Article

Cost-effectiveness of human papillomavirus vaccination and screening in Spain

Unit of Infections and Cancer, Cancer Epidemiology Research Program, Catalan Institute of Oncology, IDIBELL, Av. Gran Via 199-203, 08907 L'Hospitalet de Llobregat, Barcelona, Spain.
European journal of cancer (Oxford, England: 1990) (Impact Factor: 4.82). 11/2010; 46(16):2973-85. DOI: 10.1016/j.ejca.2010.06.016
Source: PubMed

ABSTRACT In Spain, prophylactic vaccination against human papillomavirus (HPV) types 16 and 18 is being offered free-of-charge to one birth cohort of girls aged 11-14. Screening is opportunistic (annual/biannual) contributing to social and geographical disparities.
A multi-HPV-type microsimulation model was calibrated to epidemiologic data from Spain utilising likelihood-based methods to assess the health and economic impact of adding HPV vaccination to cervical cancer screening. Strategies included (1) screening alone of women over age 25, varying frequency (every 1-5 years) and test (cytology, HPV DNA testing); (2) HPV vaccination of 11-year-old girls combined with screening. Outcomes included lifetime cancer risk, life expectancy, lifetime costs, number of clinical procedures and incremental cost-effectiveness ratios.
After the introduction of HPV vaccination, screening will need to continue, and strategies that incorporated HPV testing are more effective and cost-effective than those with cytology alone. For vaccinated girls, 5-year organised cytology with HPV testing as triage from ages 30 to 65 costs 24,350€ per year of life saved (YLS), assuming life-long vaccine immunity against HPV-16/18 by 3 doses with 90% coverage. Unvaccinated girls would benefit from organised cytology screening with HPV testing as triage; 5-year screening from ages 30 to 65 costs 16,060€/YLS and 4-year screening from ages 30 to 85 costs 38,250€/YLS. Interventions would be cost-effective depending on the cost-effectiveness threshold and the vaccine price.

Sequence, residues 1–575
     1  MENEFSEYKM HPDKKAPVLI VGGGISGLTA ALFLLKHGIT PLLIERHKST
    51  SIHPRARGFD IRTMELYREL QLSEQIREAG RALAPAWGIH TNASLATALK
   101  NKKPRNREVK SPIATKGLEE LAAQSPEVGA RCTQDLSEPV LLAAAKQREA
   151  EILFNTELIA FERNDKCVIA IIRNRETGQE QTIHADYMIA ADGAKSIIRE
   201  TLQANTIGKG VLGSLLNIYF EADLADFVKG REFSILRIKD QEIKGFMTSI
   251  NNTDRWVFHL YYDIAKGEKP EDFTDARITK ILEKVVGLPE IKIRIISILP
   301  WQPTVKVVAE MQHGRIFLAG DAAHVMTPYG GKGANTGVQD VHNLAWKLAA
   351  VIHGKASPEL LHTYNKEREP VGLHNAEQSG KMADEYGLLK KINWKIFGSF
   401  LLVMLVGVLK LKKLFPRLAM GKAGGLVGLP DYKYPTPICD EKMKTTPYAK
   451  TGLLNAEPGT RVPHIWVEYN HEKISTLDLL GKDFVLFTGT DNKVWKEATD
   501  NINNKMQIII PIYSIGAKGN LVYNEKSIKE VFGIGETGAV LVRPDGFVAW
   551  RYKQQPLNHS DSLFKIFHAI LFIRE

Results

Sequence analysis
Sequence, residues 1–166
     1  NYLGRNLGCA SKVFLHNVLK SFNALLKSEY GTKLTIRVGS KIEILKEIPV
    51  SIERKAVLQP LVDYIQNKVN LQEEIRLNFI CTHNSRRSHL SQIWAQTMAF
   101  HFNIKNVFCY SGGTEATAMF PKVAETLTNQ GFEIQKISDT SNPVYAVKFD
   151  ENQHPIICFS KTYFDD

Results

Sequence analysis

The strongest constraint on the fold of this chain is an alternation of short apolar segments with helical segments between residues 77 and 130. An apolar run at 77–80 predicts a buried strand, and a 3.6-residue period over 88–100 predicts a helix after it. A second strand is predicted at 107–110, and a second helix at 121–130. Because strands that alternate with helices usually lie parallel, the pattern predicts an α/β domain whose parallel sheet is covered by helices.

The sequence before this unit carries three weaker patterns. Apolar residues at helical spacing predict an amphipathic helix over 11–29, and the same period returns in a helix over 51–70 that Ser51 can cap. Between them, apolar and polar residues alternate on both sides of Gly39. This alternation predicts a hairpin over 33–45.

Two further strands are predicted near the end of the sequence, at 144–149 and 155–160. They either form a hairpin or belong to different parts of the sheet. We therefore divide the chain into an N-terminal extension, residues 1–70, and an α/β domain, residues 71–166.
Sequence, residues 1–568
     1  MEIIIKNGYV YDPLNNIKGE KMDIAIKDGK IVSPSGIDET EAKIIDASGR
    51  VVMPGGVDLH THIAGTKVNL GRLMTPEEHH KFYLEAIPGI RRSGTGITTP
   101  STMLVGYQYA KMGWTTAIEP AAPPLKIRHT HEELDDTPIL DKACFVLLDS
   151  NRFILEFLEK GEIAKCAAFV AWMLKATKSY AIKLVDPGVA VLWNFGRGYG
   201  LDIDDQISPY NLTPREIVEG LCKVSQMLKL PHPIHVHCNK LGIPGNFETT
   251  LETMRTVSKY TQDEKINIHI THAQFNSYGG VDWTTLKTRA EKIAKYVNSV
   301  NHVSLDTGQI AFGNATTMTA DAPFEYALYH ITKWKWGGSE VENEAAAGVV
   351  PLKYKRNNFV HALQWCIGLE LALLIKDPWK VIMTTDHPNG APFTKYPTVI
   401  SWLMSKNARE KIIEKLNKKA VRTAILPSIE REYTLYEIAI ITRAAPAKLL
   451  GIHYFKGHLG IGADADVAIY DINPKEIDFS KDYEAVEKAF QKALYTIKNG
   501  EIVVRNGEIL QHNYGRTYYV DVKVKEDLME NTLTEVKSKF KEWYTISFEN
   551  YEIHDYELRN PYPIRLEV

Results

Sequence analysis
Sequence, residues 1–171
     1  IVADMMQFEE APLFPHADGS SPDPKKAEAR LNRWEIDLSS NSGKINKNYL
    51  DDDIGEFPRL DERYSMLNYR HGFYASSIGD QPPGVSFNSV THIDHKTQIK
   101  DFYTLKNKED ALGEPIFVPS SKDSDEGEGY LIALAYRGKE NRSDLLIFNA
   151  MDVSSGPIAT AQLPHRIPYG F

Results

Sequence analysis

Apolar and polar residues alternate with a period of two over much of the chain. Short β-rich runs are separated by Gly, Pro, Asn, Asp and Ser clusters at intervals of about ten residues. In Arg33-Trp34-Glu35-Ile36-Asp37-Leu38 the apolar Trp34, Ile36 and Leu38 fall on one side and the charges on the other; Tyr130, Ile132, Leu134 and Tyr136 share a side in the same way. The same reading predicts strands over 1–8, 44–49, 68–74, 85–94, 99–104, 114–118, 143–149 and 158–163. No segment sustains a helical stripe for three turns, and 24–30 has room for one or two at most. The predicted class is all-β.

In Spain, inequitable coverage and overuse of cytology make screening programmes inefficient. If high vaccination coverage among pre-adolescent girls is achieved, organised cytology screening with HPV triage starting at ages 30 to at least 65 every 4-5 years represents the best balance between costs and benefits.

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    • "Health outcomes were reported as a mean and range of results, while incremental cost-effectiveness ratios were reported as the ratio of the difference in mean costs divided by the difference in mean effects across the good-fitting parameter sets for one strategy compared with the next best alternative. The calibration process has been previously described [30] [31] [32] [33] [34] [35] [36] and details of the calibration data, methods, and results for all three countries are provided in the Appendix. Strategies that were evaluated in this analysis include: (1) HPV16/18 vaccination of pre-adolescent girls (by age 12); (2) screening alone; and (3) combined pre-adolescent HPV16/18 vaccination and screening. "
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    Vaccine 12/2013; 31S6:G65-G77. DOI:10.1016/j.vaccine.2012.06.096 · 3.49 Impact Factor
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    • "Our findings show that a 3 year screening interval is safe although based on a small sample of women. hrHPV triage is likely to result in a cost-effective strategy if screening intervals are kept and diverts women from colposcopy in hrHPV negative women [10,22]. However, although the sensitivity of hrHC2 was very high, specificity was relatively low increasing unnecessarily the number of women referred to colposcopy because of a positive test. "
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